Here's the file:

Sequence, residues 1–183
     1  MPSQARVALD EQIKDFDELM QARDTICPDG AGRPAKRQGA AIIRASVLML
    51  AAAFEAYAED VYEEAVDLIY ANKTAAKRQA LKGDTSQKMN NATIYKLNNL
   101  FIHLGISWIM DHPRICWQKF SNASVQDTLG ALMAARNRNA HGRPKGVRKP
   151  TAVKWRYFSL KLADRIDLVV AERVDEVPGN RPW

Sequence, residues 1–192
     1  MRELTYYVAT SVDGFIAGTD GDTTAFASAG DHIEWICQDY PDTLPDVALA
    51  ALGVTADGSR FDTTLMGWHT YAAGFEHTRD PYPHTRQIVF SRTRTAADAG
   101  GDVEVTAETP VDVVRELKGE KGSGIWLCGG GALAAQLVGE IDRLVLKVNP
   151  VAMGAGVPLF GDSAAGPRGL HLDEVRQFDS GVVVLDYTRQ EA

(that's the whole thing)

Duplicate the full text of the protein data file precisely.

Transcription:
Sequence, residues 1–183
     1  MPSQARVALD EQIKDFDELM QARDTICPDG AGRPAKRQGA AIIRASVLML
    51  AAAFEAYAED VYEEAVDLIY ANKTAAKRQA LKGDTSQKMN NATIYKLNNL
   101  FIHLGISWIM DHPRICWQKF SNASVQDTLG ALMAARNRNA HGRPKGVRKP
   151  TAVKWRYFSL KLADRIDLVV AERVDEVPGN RPW

Sequence, residues 1–192
     1  MRELTYYVAT SVDGFIAGTD GDTTAFASAG DHIEWICQDY PDTLPDVALA
    51  ALGVTADGSR FDTTLMGWHT YAAGFEHTRD PYPHTRQIVF SRTRTAADAG
   101  GDVEVTAETP VDVVRELKGE KGSGIWLCGG GALAAQLVGE IDRLVLKVNP
   151  VAMGAGVPLF GDSAAGPRGL HLDEVRQFDS GVVVLDYTRQ EA